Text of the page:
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The Benefits of Being an AYA Local Coordinator

The Local Coordinator position is a rewarding contracted position with AYA. As an LC, your many benefits will include:

    • Extensive training on marketing, community outreach and mediation
    • The opportunity to grow and develop professionally in an exciting environment
    • Certification by the U.S. Department of State, a professional credential
    • Payment for each full year international student you place and supervise
    • International and domestic travel opportunities (Recent travel locations include Florence, Prague, Buenos Aires, Athens, Munich and Rio de Janeiro!)
    • 24/7 support by the AYA national office
    • Additional special incentives

The AYA Advantage

AYA shares America with the world by bringing foreign exchange students to the United States to live with American families and attend American high schools. You will find that as a Local Coordinator you play a key role in fostering a positive relationship between the U.S. and our international neighbors. The AYA team is there to help you every step of the way.



You will receive full support from AYA. Local Coordinators are backed by a professional staff in our AYA National Office located in Stamford, Connecticut. Support includes 24-hour emergency assistance, a toll-free telephone number and the expertise of our many years in intercultural educational exchange.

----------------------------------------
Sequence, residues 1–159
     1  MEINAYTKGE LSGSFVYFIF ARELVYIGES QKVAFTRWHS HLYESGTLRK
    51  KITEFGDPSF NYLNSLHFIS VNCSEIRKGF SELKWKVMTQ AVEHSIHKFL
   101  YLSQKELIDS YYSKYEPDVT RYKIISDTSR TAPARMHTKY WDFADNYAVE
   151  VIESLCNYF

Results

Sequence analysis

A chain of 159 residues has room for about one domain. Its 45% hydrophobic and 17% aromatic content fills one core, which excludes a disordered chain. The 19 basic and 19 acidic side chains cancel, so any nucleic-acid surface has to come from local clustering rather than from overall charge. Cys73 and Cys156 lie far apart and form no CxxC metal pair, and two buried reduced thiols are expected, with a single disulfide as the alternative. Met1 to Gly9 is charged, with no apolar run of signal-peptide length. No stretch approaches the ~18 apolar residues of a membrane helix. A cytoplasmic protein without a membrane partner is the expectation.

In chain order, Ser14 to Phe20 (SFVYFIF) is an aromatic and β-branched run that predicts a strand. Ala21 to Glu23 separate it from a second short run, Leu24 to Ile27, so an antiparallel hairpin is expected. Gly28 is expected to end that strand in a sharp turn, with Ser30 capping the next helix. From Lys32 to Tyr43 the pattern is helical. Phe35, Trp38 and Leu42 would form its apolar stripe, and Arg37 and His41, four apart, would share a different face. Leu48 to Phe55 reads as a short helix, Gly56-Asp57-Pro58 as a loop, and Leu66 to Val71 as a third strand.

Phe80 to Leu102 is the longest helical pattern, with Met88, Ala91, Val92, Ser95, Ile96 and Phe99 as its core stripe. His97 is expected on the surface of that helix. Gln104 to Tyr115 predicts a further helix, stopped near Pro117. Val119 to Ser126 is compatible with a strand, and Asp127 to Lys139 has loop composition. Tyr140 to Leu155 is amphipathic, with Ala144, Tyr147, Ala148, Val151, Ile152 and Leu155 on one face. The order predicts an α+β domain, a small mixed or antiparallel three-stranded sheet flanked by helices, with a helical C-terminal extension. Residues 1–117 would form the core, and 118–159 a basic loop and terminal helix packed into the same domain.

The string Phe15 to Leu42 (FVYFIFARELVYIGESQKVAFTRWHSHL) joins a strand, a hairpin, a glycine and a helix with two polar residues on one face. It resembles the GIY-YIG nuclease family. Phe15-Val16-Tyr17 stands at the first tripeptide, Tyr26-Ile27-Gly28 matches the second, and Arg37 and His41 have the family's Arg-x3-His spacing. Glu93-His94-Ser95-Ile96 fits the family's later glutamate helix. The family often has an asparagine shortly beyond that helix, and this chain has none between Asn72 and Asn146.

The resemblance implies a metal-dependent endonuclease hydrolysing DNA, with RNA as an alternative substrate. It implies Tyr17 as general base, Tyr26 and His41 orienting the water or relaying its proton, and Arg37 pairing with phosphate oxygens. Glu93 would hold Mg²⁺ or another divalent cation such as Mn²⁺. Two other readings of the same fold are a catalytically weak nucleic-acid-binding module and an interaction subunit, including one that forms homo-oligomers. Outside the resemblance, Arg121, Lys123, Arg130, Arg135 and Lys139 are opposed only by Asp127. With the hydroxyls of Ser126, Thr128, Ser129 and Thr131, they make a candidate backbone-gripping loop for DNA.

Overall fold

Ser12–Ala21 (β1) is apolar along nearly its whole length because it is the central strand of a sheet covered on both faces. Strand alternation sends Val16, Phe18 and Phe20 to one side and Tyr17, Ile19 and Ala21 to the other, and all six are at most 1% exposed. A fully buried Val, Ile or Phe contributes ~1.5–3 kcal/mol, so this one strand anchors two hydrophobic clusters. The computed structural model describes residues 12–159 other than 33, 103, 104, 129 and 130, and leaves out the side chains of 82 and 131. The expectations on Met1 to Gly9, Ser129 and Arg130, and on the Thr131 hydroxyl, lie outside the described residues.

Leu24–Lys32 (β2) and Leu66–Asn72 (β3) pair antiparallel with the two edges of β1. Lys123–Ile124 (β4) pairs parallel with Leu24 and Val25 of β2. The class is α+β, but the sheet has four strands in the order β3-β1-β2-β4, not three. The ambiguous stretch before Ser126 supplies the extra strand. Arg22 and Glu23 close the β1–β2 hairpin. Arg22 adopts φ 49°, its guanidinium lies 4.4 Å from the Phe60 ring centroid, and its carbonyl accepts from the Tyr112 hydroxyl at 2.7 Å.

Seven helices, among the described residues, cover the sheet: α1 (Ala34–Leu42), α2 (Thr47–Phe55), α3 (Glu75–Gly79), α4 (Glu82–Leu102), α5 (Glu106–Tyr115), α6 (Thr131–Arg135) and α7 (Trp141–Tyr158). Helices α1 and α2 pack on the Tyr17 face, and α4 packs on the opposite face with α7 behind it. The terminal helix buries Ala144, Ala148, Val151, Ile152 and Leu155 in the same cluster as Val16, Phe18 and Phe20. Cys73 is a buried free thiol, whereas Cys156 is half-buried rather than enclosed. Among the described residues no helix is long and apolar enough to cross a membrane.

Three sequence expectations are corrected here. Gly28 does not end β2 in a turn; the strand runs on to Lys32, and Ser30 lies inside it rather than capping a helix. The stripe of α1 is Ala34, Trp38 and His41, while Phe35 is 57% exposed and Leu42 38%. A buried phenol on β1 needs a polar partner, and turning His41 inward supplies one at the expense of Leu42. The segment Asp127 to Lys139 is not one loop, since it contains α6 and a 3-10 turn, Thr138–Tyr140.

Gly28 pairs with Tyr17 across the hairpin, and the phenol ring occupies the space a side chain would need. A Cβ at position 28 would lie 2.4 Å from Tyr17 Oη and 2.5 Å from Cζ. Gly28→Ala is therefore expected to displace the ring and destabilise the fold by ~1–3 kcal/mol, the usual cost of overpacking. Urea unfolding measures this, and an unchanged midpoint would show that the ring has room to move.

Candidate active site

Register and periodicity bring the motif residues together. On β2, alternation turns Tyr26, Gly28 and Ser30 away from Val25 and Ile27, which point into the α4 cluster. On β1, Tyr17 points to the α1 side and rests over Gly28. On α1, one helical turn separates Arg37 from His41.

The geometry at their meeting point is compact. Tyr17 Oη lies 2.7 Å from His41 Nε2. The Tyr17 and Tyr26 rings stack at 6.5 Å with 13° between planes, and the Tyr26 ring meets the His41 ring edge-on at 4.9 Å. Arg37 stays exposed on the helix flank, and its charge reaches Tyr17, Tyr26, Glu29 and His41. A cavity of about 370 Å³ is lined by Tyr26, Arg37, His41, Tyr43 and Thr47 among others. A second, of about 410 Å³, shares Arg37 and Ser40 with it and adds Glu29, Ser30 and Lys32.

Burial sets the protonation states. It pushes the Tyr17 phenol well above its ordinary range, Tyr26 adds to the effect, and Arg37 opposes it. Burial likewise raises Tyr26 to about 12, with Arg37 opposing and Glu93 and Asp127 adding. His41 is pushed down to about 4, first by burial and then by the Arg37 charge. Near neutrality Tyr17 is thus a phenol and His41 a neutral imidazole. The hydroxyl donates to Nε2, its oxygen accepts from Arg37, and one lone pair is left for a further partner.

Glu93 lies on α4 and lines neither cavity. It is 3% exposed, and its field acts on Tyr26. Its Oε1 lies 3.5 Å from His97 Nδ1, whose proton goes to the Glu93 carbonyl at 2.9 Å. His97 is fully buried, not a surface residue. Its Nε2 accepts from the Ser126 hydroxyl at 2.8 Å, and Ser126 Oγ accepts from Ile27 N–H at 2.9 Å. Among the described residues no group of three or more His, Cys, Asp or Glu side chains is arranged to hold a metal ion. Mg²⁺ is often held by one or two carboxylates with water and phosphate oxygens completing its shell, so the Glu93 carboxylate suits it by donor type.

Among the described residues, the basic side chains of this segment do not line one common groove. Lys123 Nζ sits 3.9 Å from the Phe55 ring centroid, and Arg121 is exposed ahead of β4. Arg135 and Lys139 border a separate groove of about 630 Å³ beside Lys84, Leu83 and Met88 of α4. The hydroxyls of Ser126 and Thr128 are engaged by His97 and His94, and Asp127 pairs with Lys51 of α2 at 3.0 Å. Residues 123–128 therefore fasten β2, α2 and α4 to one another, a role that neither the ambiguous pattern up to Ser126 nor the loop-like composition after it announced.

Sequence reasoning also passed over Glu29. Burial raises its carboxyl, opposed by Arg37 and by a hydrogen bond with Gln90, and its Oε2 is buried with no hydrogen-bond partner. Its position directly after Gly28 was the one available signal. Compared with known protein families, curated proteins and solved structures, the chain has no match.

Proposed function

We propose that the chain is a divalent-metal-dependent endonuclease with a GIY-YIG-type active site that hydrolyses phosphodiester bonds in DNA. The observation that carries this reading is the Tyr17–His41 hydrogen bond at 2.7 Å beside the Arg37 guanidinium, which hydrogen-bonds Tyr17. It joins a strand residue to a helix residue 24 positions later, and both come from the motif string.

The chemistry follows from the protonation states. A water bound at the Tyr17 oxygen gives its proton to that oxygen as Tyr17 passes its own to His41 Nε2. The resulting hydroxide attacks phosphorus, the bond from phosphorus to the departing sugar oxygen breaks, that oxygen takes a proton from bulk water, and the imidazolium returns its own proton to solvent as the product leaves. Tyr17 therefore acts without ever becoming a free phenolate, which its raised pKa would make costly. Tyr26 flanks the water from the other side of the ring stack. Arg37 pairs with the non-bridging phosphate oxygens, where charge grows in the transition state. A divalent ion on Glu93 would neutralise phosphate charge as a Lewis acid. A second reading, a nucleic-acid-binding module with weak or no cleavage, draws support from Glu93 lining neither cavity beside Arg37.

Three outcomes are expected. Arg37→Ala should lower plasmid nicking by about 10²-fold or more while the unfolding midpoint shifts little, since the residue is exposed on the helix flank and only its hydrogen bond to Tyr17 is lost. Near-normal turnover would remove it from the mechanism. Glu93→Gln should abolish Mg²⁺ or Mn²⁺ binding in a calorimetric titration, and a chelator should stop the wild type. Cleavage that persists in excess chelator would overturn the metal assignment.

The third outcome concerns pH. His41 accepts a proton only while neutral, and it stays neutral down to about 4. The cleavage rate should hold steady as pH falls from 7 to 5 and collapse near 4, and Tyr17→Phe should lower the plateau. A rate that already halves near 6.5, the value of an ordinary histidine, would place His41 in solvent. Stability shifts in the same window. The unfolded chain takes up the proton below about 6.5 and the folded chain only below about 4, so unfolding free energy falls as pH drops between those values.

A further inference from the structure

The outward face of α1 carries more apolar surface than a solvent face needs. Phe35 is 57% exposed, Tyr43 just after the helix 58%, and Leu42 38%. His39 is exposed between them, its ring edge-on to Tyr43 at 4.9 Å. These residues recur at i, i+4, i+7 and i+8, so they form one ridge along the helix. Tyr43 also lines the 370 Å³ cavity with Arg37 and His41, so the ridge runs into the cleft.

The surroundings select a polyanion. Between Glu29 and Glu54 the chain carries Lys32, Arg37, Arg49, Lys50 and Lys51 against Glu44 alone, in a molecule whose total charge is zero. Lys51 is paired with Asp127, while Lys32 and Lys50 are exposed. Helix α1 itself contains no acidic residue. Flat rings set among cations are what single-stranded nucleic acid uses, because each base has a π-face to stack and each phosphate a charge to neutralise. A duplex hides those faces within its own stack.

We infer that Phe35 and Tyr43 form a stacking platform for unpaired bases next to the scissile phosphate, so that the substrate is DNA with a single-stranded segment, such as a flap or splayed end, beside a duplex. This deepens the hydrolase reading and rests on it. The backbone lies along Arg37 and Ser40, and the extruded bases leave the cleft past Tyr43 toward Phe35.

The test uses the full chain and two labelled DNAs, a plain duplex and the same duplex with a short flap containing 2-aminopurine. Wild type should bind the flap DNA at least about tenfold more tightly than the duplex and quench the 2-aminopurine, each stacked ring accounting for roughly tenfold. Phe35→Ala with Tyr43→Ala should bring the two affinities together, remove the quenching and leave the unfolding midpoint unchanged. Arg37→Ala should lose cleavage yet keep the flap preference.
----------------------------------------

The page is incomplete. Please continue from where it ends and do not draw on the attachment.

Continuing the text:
Your Regional Director, along with the AYA Field Staff Administrator, will provide you with the tools and ideas necessary to be effective. You will also receive state-of-the-art print and website promotional tools to support you in your work.

AYA National Meeting

Cartagena, Columbia, November 7th - 11th, 2024

Learn More

Academic Year in America Local Coordinators

In addition to specialized training and the opportunity to expand your social circles and professional network, the benefits of becoming a Local Coordinator with Academic Year in America include adding value to your community through service. You’ll play an important role in the success of high school exchange. Without Local Coordinators, exchange student programs fail to meet government requirements and the U.S. loses a vital component of international education in our communities.

I met a lot of nice people at my high school … School in America is a lot different than school in Germany. One of the things I like is the close relationship between teacher and student. I also enjoy the big variety of classes you can take. My time as an exchange student is giving me a lot of different experiences. I am learning and growing daily and improving my English is just one part of it. I appreciate the chance to do all this.

—Jana from Germany